|The recent high-temps got lots or people out cleaning and working on their garden, and we were no exception. After trying to trim some dead branches from the shrubs, we noticed our shears and pruners were doing more crushing than cutting. As the cutters were otherwise in good shape, we thought we would see if we could give the blades a sharpening.
Unlike a pair of scissors, most gardening loppers and pruners are single-bladed. In order to have the best access to the blade, take the cutter apart. Typically, there is a central bolt holding everything together. Removing the bolt separates the blade from the rest of the pruner. Just mindful of the spring.
The sharpener we used was a carbide unit from SnapOn. It is inexpensive and perfect for restoring an edge to things like pruners, pocket knives, and other working blades. A spray of WD-40 and a few quick strokes with the sharpener was all it took to bring the edge back to life.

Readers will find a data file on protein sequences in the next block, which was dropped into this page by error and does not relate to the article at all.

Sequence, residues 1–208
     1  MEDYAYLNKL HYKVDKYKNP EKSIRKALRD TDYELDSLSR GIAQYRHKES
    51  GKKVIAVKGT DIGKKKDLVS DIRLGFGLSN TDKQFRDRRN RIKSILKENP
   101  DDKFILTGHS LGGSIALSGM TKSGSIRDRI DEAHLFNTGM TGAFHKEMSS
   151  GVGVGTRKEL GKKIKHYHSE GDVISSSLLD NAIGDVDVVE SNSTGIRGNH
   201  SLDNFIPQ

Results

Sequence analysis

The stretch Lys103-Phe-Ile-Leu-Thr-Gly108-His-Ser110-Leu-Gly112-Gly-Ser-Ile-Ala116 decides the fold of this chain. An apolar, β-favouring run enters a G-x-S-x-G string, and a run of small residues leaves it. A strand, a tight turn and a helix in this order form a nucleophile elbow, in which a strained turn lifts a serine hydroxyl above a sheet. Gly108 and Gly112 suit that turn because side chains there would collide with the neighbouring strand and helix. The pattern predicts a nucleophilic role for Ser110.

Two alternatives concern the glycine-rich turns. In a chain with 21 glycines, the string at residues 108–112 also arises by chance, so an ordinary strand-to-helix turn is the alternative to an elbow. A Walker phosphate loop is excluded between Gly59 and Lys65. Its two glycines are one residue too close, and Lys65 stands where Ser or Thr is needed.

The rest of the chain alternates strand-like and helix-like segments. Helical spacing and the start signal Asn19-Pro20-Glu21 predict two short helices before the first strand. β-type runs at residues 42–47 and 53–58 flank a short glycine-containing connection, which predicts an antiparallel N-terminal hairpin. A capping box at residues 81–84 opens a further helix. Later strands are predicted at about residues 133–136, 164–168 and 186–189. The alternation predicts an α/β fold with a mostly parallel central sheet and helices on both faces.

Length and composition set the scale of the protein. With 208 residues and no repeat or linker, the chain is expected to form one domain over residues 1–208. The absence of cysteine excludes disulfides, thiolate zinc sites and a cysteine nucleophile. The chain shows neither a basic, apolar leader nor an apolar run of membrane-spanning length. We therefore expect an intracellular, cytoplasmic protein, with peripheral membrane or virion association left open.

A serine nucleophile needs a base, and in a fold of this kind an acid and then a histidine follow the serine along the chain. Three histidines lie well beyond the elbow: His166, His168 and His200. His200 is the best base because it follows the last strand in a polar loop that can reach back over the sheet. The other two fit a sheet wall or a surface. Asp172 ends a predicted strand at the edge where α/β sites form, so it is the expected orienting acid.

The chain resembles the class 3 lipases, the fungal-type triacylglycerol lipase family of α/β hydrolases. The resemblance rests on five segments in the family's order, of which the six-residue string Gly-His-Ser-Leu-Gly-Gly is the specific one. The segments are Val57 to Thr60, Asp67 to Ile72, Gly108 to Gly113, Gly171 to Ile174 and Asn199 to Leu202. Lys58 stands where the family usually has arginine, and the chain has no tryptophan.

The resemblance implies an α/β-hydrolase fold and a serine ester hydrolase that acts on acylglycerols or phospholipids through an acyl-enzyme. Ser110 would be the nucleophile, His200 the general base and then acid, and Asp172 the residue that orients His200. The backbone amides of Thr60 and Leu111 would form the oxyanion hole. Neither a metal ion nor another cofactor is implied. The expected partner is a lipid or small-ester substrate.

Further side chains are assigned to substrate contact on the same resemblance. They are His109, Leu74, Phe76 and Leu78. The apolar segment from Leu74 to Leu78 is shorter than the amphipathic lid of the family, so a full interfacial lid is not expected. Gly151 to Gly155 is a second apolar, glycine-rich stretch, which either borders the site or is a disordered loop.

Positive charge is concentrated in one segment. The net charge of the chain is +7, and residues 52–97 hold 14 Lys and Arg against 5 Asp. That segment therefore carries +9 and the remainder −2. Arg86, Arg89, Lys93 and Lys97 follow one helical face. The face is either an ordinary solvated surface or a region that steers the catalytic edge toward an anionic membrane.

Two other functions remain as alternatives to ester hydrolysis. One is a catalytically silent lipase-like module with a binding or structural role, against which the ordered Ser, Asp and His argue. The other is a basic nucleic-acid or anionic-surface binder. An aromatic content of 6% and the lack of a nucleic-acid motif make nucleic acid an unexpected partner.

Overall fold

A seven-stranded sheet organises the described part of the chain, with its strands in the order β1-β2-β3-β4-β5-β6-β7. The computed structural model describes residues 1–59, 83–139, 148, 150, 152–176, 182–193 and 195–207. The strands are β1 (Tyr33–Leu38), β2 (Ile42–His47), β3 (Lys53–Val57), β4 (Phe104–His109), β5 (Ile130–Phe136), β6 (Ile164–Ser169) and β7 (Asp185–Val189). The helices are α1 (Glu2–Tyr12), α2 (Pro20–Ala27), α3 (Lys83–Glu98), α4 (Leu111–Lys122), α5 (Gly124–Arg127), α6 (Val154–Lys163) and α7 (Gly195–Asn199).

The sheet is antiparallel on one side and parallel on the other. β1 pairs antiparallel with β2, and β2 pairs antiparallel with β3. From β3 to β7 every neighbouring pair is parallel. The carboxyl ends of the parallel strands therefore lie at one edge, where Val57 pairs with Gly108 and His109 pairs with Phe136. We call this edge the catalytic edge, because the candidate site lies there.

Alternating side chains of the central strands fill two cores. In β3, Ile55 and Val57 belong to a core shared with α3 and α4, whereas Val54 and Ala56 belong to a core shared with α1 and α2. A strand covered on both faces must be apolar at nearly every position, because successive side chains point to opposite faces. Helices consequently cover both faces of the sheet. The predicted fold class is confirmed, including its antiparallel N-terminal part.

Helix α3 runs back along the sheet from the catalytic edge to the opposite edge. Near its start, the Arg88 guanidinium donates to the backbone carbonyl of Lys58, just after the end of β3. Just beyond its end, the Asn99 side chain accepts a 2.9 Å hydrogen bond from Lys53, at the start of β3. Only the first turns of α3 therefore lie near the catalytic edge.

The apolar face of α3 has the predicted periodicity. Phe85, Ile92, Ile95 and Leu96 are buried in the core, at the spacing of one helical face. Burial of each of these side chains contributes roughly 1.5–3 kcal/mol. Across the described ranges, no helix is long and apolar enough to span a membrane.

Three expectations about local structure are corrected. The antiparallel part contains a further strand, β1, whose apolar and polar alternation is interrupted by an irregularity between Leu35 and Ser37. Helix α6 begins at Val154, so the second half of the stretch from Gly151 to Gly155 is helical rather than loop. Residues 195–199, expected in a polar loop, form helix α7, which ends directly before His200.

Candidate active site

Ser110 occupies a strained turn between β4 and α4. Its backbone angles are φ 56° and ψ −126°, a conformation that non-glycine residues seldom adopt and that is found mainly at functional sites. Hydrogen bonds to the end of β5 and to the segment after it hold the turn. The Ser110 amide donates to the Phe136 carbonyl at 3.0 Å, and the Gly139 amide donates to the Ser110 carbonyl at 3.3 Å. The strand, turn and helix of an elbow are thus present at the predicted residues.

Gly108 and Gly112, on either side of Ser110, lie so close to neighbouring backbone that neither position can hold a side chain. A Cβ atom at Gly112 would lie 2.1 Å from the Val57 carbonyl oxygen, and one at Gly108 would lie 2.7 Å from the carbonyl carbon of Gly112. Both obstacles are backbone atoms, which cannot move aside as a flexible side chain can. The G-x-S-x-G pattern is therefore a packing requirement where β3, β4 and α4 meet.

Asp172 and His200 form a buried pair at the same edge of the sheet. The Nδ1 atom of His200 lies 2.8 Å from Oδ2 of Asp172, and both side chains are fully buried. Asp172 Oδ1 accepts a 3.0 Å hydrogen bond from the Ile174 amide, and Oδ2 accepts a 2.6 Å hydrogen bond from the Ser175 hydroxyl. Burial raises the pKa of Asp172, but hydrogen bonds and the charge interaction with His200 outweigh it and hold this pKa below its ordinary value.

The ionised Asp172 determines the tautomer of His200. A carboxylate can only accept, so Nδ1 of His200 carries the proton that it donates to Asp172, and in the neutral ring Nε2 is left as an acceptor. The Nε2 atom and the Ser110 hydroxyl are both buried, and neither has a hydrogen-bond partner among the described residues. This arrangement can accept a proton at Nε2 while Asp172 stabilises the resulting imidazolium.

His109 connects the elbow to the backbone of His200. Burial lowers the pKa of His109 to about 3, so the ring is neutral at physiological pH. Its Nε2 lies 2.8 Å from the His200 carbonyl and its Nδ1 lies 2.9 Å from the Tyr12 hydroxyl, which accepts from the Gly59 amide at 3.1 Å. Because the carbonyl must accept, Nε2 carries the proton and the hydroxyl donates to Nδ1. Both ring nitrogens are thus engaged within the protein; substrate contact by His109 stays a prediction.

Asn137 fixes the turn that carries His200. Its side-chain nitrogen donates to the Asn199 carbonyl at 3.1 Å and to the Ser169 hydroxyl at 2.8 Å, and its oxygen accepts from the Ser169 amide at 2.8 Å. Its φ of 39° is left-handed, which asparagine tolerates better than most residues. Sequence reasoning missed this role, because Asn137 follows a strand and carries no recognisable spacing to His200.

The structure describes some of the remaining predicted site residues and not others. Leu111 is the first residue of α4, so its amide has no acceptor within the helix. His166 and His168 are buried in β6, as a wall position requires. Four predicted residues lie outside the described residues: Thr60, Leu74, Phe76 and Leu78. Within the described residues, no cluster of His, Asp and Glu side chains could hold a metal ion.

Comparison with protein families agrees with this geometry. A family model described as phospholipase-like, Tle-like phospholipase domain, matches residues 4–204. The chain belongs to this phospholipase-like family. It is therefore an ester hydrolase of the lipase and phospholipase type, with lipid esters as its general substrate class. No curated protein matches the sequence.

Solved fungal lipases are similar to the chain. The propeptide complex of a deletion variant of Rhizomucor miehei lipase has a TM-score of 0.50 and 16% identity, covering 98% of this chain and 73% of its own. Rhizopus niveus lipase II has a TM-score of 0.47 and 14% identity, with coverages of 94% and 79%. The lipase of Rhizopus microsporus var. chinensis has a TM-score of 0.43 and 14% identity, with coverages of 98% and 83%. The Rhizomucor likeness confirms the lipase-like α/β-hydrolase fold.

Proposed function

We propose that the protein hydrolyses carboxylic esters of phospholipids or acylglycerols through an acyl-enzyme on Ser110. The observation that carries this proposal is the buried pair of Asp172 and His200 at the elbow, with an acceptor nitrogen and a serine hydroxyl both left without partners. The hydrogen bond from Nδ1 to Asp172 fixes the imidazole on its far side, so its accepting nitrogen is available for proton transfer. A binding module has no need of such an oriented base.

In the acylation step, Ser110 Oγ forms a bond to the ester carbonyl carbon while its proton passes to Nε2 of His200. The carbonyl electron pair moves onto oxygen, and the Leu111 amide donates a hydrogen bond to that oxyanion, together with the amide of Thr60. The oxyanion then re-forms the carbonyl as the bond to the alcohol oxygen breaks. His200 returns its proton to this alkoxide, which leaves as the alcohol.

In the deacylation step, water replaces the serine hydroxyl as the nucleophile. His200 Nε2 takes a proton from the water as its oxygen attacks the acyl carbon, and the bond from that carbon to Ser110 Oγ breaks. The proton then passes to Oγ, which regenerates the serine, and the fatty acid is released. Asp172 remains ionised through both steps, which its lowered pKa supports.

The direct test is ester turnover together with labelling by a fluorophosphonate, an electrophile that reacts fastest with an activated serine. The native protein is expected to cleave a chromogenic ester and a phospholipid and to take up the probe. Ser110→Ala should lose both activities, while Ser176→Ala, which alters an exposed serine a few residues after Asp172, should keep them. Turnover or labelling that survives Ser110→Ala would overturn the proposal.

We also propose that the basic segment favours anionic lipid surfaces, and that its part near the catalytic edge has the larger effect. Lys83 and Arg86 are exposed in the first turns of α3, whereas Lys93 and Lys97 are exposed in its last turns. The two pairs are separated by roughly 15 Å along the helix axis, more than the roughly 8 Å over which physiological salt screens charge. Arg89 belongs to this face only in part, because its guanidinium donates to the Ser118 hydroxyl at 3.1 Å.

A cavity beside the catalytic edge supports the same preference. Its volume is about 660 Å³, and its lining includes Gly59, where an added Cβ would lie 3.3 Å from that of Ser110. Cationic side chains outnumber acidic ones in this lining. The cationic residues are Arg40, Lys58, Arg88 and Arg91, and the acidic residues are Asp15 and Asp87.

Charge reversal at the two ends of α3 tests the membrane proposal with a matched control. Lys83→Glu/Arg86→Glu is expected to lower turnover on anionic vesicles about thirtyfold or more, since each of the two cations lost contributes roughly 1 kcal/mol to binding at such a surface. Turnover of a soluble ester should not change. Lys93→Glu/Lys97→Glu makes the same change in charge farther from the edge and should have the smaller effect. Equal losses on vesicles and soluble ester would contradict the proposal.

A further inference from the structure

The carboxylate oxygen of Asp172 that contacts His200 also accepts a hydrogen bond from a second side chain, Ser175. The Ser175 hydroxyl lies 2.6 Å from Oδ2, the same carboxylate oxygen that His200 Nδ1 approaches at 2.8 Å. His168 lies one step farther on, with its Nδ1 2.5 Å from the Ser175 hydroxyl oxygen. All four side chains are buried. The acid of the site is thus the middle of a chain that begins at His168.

Taking the cutter apart let us sharpen the entire cutting edge, but disassembly is not absolutely necessary. To sharpen the blade without taking anything apart, just position the sharpener as deep into the opening as possible and start from there. You won't get the entire blade, but depending on the width of the opening, you will get pretty close.
Well-tuned cutters are better for you and your plants. You will get the job done faster, the cuts will be cleaner, and the plant will heal faster. Everybody wins! [Permalink] - Spring Cleaning: Shear Tuning